Learning Goals and Outcomes
The Elmhurst University Department of Philosophy aims to serve both the broader student population and our major and minors.
It is our mission to provide Elmhurst students with an excellent education in the liberal arts by teaching them to understand the great ideas and theories regarding human experience; to do close and careful reading; to perform critical analysis of ideas and arguments; and to present their thoughts carefully and clearly.
Our specific goals are as follows:
- The Elmhurst University Philosophy Department aims to introduce students to great thinkers and important ideas as they developed over the course of human history. We intend students to understand some of the theories and concepts that organize and explain human experience.
- We teach students to work with abstract ideas and to think critically. As such we help students learn the principles of logic, careful expression, and clarity.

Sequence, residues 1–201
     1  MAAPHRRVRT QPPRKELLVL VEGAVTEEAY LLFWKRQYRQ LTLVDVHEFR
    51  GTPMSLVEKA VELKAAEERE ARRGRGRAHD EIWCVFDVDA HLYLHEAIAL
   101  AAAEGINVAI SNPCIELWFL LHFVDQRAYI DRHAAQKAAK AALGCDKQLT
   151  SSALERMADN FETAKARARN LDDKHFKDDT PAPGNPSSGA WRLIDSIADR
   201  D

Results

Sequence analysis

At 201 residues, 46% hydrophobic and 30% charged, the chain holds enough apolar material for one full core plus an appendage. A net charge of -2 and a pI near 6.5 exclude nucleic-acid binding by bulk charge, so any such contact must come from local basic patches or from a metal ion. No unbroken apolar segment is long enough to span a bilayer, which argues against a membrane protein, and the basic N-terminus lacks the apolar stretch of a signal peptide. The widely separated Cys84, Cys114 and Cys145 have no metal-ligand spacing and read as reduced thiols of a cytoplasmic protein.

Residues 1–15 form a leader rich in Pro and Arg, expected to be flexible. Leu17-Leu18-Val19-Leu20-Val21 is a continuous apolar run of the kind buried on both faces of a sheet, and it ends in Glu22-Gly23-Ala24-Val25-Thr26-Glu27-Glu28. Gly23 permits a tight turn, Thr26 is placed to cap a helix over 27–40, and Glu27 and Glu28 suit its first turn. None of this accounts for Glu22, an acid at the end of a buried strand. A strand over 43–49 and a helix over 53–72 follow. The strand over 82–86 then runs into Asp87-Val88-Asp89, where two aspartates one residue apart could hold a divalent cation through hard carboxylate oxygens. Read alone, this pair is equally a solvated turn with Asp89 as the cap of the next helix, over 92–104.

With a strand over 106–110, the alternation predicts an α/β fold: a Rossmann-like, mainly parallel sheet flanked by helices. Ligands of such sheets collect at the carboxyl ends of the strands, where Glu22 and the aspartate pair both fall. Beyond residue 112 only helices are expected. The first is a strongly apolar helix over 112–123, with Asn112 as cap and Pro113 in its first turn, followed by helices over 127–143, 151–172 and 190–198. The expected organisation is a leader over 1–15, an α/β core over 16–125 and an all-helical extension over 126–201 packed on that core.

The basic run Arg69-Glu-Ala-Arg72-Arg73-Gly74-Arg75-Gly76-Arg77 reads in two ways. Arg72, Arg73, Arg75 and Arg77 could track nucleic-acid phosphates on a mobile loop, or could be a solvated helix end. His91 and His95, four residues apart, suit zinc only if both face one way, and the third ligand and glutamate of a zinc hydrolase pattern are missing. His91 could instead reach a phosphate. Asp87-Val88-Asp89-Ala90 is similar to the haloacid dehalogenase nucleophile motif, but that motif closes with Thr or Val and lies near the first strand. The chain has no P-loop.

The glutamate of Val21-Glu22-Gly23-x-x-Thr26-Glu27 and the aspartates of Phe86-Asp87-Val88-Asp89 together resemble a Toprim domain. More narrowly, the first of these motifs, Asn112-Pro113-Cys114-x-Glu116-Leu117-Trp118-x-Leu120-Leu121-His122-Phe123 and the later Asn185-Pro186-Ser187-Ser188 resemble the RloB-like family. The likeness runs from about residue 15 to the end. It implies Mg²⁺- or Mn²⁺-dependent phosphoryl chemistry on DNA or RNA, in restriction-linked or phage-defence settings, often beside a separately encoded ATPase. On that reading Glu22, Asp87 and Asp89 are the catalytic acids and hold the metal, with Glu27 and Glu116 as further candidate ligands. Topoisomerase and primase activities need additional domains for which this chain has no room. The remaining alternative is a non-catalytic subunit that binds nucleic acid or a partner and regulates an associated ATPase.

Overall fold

- We train our students to be able to carefully and persuasively articulate ideas and argument, both in writing and in oral presentation. These skills are important in any career.
- We inspire our students to engage in practical ethical issues as well as in the great philosophical questions. We aim to help our students grapple with today’s most pressing ethical issues.
Students majoring and minoring in philosophy gain a broad-based understanding of the field through courses in reasoning and ancient, modern, and contemporary philosophy along with multiple electives within the major. Contrasting theories of knowledge and ethics lead to wide-ranging discussions and challenge students to examine their own assumptions.
Student Learning Outcomes
Upon completion of a philosophy major or minor, a student should be able to:
- Understand and explain some of the historically important theories and concepts that organize and explain human experience.
- Use abstract ideas in writing, to think critically, and to understand the principles of logic, careful expression, and clarity.
- Articulate a persuasive argument, both in writing and in oral presentation.
- Apply ethical theories to contemporary ethical problems.